Epilogue: Commemorative Events since 1991

Riley M. Moffat, Fred E. Woods, and Brent R. Anderson, "Epilogue: Commemorative Events since 1991," in Saints of Tonga (Religious Studies Center, Brigham Young University; Salt Lake City: Deseret Book, 2019), 367–382.

Beyond the Centennial

Following the centennial commemoration in Tonga, the Church continued to grow, and news of Tongan Saints’ tremendous faith extended beyond their borders. This was no doubt influenced by Eric Shumway’s 1991 release of Tongan Saints: A Heritage of Faith, a compilation of inspiring Tongan Latter-day Saint stories. A distillation of this work found an even wider audience several years later in 1995 when the Church’s Ensign magazine published Shumway’s piece “Tonga: A Heritage of Faith,”[1] potentially seen by hundreds of thousands of members.

In the year that Tongan Saints was published, Queen Halaevalu Mata‘aho of Tonga made a visit to Church headquarters at the invitation of Elder Russell M. Nelson. She arrived in Salt Lake City in early December and stayed for nearly a week. She met with Presidents Gordon B. Hinckley and Thomas S. Monson. The queen also toured a number of Church facilities, including the BYU campus and the Provo Missionary Training Center. While on the BYU campus, she also gave an address on the role of women in the Kingdom of Tonga.[2]

On August 2, 1996, President Gordon B. Hinckley and President Thomas S. Monson, First Counselor in the First Presidency, met with members of Tonga’s royal family at Church headquarters in Salt Lake City. During the meeting, President Hinckley expressed gratitude to the king for all he did for the people of Tonga. Attending the meeting were King Taufa‘ahau Tupou IV, Queen Halaevalu Mata‘aho, Princess Pilolevu Tuita, and Princess Mele Siu‘ilikutapu Kalaniuvalu-Fotofili. Elder Joseph B. Wirthlin of the Quorum of the Twelve Apostles and Elder Alexander B. Morrison of the Seventy also attended.[3]

The following year, there was a large celebration under the direction of the Liahona Alumni Association to commemorate the fiftieth anniversary of Liahona High School, which had been operating from 1947 to 1997. Five thousand people participated in the celebration. Sitalaiti “Star” Lotulelei, Church Educational System country director, highlighted the fact that Liahona High School brought many alumni into the Church who learned the gospel, gained a testimony in seminary, and prepared for missions and temple marriages as well as for higher education and careers. Lotulelei proclaimed that 80 to 90 percent of its male graduates serve missions each year.[4] None of the other Church secondary schools can match this. Queen Mata‘aho pleaded with the alumni to follow the example of Liahona High School and of The Church of Jesus Christ of Latter-day Saints to strengthen the family.[5]

Aerial view of Liahona High School. Courtesy of Martin Anderson.Aerial view of Liahona High School. Courtesy of Martin Anderson.

The Saints in Tonga participated in the Church’s worldwide celebration of the sesquicentennial of the 1847 arrival of the pioneers in the Salt Lake Valley. As part of that celebration President Gordon B. Hinckley toured the Pacific Islands with Elders Joseph B. Wirthlin and Vaughn J. Featherstone. On October 14 President Hinckley visited Tonga and met with King Taufa‘ahau Tupou IV. He then spoke to 11,400 people gathered at the sports field at Liahona High School. “My message to you today is to live the gospel,” President Hinckley said. “Cultivate in your hearts a testimony and a love for God, your Eternal Father. We sing, ‘I am a child of God.’ That isn’t just a figment, a poetic figment—that is the living truth. There is something of divinity within each of us, my brothers and sisters, that needs cultivation, that needs to come to the surface, that needs to find expression.”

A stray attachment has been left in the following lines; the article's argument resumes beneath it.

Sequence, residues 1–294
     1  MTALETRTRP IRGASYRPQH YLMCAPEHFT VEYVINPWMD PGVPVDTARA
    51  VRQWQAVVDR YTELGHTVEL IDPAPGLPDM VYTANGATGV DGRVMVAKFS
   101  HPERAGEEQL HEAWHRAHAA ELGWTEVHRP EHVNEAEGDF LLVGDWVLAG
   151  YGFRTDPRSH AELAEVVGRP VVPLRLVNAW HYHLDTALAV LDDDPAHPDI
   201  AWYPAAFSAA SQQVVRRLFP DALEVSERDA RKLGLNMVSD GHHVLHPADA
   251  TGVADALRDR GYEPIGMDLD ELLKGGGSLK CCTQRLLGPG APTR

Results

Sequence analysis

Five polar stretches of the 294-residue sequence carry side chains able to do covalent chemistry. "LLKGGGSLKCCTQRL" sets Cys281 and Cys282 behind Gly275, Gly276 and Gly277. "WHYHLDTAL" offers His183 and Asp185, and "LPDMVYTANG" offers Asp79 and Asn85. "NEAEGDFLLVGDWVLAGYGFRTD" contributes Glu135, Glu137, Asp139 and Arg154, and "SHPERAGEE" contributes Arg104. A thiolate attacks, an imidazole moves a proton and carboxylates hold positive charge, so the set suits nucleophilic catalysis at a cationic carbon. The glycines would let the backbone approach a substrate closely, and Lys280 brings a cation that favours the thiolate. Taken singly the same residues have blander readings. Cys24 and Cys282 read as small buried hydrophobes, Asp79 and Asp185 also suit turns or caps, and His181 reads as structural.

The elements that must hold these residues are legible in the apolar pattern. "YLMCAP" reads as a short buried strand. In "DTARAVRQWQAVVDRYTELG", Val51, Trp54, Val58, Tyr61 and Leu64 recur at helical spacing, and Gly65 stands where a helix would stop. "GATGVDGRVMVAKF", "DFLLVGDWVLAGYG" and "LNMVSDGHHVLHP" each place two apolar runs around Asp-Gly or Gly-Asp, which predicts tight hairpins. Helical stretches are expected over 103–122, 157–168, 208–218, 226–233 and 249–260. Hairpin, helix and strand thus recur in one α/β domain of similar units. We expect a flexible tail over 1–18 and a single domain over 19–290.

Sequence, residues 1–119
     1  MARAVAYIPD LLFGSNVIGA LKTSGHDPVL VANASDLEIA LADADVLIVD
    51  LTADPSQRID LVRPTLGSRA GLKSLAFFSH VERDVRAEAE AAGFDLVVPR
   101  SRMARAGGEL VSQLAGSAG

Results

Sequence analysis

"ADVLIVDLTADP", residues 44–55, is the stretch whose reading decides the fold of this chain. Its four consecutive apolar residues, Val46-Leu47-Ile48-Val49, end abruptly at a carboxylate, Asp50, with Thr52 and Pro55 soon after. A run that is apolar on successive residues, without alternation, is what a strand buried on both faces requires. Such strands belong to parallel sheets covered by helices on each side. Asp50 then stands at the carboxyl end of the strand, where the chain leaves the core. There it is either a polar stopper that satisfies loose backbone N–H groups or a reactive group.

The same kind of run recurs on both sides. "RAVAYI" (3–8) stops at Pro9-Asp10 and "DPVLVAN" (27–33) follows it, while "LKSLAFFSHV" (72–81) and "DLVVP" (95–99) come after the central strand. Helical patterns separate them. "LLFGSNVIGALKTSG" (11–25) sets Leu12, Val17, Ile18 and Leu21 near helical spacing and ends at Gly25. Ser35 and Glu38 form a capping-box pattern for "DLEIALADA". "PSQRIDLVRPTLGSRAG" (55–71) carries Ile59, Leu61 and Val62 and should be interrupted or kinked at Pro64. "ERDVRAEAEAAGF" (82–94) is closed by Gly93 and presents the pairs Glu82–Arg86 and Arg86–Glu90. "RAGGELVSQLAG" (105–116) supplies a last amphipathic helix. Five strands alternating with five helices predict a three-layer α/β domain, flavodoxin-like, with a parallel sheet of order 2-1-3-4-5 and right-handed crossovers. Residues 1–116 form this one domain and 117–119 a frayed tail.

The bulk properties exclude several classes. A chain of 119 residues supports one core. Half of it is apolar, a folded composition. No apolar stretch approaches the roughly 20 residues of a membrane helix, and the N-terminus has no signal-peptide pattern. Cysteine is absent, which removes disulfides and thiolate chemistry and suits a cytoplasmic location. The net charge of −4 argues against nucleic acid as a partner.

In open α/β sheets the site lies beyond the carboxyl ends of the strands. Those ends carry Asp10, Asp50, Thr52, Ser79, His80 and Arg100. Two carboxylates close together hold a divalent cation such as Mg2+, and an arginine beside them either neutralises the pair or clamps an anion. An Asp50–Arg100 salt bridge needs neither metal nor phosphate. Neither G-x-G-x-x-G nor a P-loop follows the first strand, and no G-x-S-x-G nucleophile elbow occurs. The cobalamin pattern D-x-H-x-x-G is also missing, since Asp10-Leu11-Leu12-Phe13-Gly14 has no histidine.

The next morning President Hinckley and his party flew to Vava’u to address about 2,200 people at the Saineha High School sports field. President Hinckley asked, “You men who hold the priesthood of God, are you living worthy of it? Are you living in such a way that the power of the Almighty may be expressed through you? Are you the kind of husband that you ought to be to your wife? Do you speak to her with kindness, respect, and love?”[6]

The cover of the The Other Side of Heaven 15th anniversary edition.The cover of the The Other Side of Heaven 15th anniversary edition.

As the new millennium dawned, the exemplary faith found in the Kingdom of Tonga, not only of Latter-day Saints but also of the country as a whole, continued to receive Church attention. For example, in another Ensign article titled “Land of Believing People,” Elder Pita Hopoate, an Area Authority Seventy and director of Church schools in Tonga, noted, “King Taufa‘ahau Tupou IV emphasizes keeping the Sabbath day holy, so Tongans go to church on Sunday.” He also pointed out the parallels between Tongan culture and the Latter-day Saint faith. “Family comes first to us. Mother, father, children, grandparents, uncles, aunties, cousins, nieces, nephews are all called family, not relatives.” Elder Hopoate reasoned further, “The Church emphasizes family, and this is one reason the Church is growing.” By 2001 a quarter of the kingdom’s population were active Church members—the greatest percentage of Latter-day Saints of any country in the world.[7] Two years later, more than 20,000 members gathered for a conference in sixteen locations across Tonga; they rejoiced when they were able to participate in the live satellite transmission from Church headquarters for the first time.[8]

The faith of the Tongans was also captured near the close of 2001 through a popular motion picture directed and produced by Latter-day Saint filmmaker Mitch Davis. Davis produced the film The Other Side of Heaven, based on the book In the Eye of the Storm, by Elder John H. Groberg, telling inspiring stories from Groberg’s mission to Tonga in the 1950s.[9] It highlighted not only the faith of the Tongan people but also some natural hazards they face as islanders, such as earthquakes, tsunamis, tropical cyclones, and drought.

Rededication of the Temple